The following is an op-ed by Dr. Rolando Barrios and Joanne Bezzubetz
In recent days there has been public commentary and outright misinformation about the fate of the Rainier Hotel, a women-only addiction treatment centre located in Vancouver's Downtown Eastside.
Much of the discussion has focused on the end of funding by Health Canada, and whether, in light of this, Vancouver Coastal Health is making the future of this facility's clients an uncertain one.
Nothing could be further from the truth.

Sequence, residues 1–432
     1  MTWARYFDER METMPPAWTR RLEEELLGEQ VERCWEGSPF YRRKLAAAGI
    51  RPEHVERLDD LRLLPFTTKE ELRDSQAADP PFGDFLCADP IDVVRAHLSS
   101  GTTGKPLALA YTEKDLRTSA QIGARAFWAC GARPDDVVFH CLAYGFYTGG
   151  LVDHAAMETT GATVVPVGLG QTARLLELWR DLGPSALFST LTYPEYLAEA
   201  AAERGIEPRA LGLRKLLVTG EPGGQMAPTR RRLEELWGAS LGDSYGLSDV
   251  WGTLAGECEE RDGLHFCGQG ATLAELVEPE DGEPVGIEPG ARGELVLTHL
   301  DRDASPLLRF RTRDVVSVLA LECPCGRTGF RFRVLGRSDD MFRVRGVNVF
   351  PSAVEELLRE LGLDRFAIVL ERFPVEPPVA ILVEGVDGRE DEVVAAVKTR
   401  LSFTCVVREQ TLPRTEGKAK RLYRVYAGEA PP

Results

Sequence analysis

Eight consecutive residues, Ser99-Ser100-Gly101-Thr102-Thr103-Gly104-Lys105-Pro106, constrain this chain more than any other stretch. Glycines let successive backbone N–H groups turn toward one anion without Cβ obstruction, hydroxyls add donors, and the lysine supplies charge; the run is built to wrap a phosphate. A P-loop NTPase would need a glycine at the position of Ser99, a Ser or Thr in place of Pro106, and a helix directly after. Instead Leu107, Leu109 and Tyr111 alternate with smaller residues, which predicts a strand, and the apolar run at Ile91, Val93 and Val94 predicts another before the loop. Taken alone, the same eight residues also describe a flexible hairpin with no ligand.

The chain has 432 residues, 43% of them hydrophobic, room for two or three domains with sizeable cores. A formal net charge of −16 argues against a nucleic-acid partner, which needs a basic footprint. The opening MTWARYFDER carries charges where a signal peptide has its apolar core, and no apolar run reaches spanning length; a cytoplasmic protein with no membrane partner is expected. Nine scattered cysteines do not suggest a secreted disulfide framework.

Let's start with some background. The Rainier Women's Treatment Program, known as the Rainier, opened as a pilot project in the summer of 2009 as an innovative approach to treating addiction among marginalized women in this community. These are women in the midst of leaving the sex trade. Their lives are hard. They struggle with serious physical, mental health and addiction problems. And at the time, there were very limited DTES treatment programs exclusively for women. Health Canada, through its Drug Treatment Program, provided $4.9 million in operating funds to the project. The provincial government provided $9.5 million for the purchase and renovation of this 43-unit single-room occupancy (SRO) hotel through the Provincial Homelessness Initiative. The Portland Hotel Society, which manages housing and other facilities in the DTES, was brought in to operate the Rainier. Health Canada has always made it clear that this was a pilot project with an end date of November, 2012.